Trans­form­ers of Bol­ly­wood

Writer duo Salim-Javed in­cepted masala movie idea through Yadon Ki Baaraat in B-town that ex­celled af­ter emer­gence of Amitabh Bachchan and his ‘An­gry Young Man’ image

The Day After - - CONTENT - By DANFES Feed­back on:re­[email protected]­terindia.com

Amonth af­ter Raj Kapoor’s Bobby in­tro­duced young ro­mance to Hindi cin­ema through his 1973 cult clas­sic Bobby, Nas­sir Hus­sain pushed the en­ve­lope fur­ther with ar­guably In­dia’s first ‘masala’ film, Yaadon Ki Baaraat.

Un­like Bobby, Yaadon Ki Baaraat was an ensem­ble that could not be slot­ted into any one genre. It had el­e­ments of ro­mance, ac­tion, thrill, re­venge, mu­si­cal and fam­ily drama. To­day, these are con­sid­ered the in­gre­di­ents of a quin­tes­sen­tial Bol­ly­wood pot­boiler. It was in fact the film that set the ball rolling for the trans­for­ma­tion of Hindi cin­ema into Bol­ly­wood. Prior to that, Hindi films ei­ther re­flected a macro con­text or bor­rowed tales from rich folk­lore and his­tory of the sub­con­ti­nent. It was only with Yaadon Ki Baaraat that Hindi cin­ema found a lan­guage that was cus­tom-made for its di­verse au­di­ence.

While Rishi Kapoor, who starred in Bobby, ar­gued that the ‘storm that Amitabh Bachchan was’ never al­lowed his young ro­mances to be the au­di­ence’s pri­mary view­ing choice, Nasir’s tem­plate of a masala film per­sisted. Salim-Javed had al­ready in­tro­duced Bachchan as the An­gry Young Man ear­lier that year through Prakash Mehra’s crime ac­tion drama Zan­jeer. He was the lone wolf who was more in­ter­ested in aveng­ing the wrongs done to him by the sys­tem than the prover­bial run­ning around the trees.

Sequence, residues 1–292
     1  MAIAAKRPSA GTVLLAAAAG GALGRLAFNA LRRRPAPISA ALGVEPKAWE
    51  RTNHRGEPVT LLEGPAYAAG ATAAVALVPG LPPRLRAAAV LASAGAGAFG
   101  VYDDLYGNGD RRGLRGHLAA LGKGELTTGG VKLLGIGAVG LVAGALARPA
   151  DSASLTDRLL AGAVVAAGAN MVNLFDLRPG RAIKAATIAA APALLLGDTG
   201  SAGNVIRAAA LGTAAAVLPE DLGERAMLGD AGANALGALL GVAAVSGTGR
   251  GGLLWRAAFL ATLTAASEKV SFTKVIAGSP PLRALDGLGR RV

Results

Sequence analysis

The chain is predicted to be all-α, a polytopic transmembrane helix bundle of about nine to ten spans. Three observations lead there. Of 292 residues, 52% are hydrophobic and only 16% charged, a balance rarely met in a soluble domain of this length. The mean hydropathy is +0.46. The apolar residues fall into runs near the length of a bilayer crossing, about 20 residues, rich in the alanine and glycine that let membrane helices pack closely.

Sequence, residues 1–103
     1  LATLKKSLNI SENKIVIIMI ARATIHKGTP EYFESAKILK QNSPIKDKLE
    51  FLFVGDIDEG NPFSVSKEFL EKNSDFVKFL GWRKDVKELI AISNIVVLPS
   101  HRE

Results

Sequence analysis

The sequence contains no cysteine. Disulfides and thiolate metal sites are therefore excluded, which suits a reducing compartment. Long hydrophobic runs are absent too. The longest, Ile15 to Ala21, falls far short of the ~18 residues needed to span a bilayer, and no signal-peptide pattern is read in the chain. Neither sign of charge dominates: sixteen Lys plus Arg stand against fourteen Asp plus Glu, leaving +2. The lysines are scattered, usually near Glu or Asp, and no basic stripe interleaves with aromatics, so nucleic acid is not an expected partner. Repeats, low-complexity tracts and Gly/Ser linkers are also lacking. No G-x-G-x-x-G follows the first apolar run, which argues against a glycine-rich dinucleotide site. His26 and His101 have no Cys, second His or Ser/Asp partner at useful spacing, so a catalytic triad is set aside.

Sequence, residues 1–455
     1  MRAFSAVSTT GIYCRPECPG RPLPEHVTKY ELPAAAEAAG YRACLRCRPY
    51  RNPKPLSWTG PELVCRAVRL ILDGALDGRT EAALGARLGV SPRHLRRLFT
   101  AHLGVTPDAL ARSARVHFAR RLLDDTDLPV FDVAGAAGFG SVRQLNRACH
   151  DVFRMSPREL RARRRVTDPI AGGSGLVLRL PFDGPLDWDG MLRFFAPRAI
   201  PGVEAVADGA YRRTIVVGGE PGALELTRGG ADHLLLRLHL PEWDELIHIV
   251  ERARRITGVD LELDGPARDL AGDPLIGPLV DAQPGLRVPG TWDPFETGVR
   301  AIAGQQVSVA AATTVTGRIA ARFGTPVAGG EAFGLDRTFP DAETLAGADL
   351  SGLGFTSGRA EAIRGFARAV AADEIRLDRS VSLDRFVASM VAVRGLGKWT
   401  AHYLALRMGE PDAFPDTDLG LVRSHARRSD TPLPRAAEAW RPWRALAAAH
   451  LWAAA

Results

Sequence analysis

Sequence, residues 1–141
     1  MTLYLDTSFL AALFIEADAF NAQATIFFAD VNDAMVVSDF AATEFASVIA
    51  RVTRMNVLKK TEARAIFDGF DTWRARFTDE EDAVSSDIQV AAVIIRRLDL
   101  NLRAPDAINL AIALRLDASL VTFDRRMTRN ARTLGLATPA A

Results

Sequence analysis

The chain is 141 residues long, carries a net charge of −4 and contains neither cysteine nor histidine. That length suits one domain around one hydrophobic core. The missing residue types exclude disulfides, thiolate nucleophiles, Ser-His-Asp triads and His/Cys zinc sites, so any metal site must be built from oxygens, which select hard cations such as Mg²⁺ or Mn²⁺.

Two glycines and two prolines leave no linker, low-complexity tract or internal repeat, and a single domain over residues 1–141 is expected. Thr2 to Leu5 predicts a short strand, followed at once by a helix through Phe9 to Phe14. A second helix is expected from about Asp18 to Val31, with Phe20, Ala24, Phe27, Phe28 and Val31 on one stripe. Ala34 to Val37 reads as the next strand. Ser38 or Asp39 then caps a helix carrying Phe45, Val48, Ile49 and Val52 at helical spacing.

Salim-Javed painted Bachchan’s Sho­lay co-star Dhar­men­dra with the same colours in Yaadon Ki Baaraat, a first for an on­screen hero re­galed with love let­ters for his roles as a heart­throb He-Man. As the Bachchan jug­ger­naut hit the 1970s Bol­ly­wood with all its might, the Yaadon Ki Baaraat for­mula held on ow­ing to its ap­peal that cut across fans of dif­fer­ent gen­res. The film re­volved around three broth­ers who get sep­a­rated in child­hood (four years be­fore Man­mo­han Shetty’s Amar Ak­bar An­thony re­leased) and tread dif­fer­ent paths, grow­ing up into a crim­i­nal (Dhar­men­dra), a ser­vant (Vi­jay Arora) and a mu­si­cian (Tariq Khan). While Dhar­men­dra rep­re­sented the crime, pain and ac­tion com­po­nent, Vi­jay stood for the young ro­mance, Tariq glued the film to­gether with its mu­sic and fam­ily quo­tient.

The premise of broth­ers get­ting sep­a­rated in the child­hood only to re­unite as adults was not en­tirely newly even then. But its mod­ern set­ting set the film apart. The mi­lieu was not a vil­lage and the cause of sep­a­ra­tion was not get­ting lost in the Kumbh Mela. Their sep­a­ra­tion episode was key to how their in­di­vid­ual lives pro­gressed thereon. Dhar­men­dra was on the look­out of Shakaal, the mur­derer of his par­ents, Tariq searched for his aban­doned broth­ers and Vi­jay, like a hope­less ro­man­tic, set out to find love. Col­lo­quial English also made its pres­ence felt in di­a­logues like “Come on kids” and “Leave me alone” (as op­posed to the damsel in dis­tress calls of “Ch­hod do mu­jhe”).

An­other as­pect of the film that pro­claimed that it be­longed to an era ahead of its time was the mu­sic.

RD Bur­man upped the ante with his sound de­sign, iron­ing the os­cil­la­tions and blunt­ing the jags in his com­po­si­tion. Ac­com­pa­nied by sea­soned lyri­cist Ma­jrooh Sul­tan­puri, Bur­man con­cocted mu­sic that caught the at­ten­tion of a gen­er­a­tion that was grad­u­ally grav­i­tat­ing to­wards Western mu­sic. While ‘Yaadon Ki Baaraat’ was the the­matic ti­tle track, the best of the lot re­mains ‘Chura Liya’, the iconic smol­der­ing love song that tip­toed on the fine line be­tween coy­ness and sen­su­al­ity, just like the ac­tress it was filmed on — Zeenat Aman.

Zeenat blurred the lines be­tween the chaste hero­ine, who was sup­posed to ro­mance the hero with zero as­ser­tion of her own in­di­vid­u­al­ity, and the vamp, which high­lighted her sex­u­al­ity and ‘mod­ern’ out­fits through slow dances on se­duc­tive songs. She, how­ever, did not ‘don’ neg­a­tive shades like He­len or Aruna Irani. She merely hu­man­ized the hero­ine and stood out as a glam­orous lead­ing lady, which Dim­ple Ka­pa­dia also toyed with in Bobby but not as bold as Zeenat. All these el­e­ments men­tioned above con­sti­tute a main­stream Bol­ly­wood film as we know it to­day.

Salim Khan and Javed Akhtar in 1971

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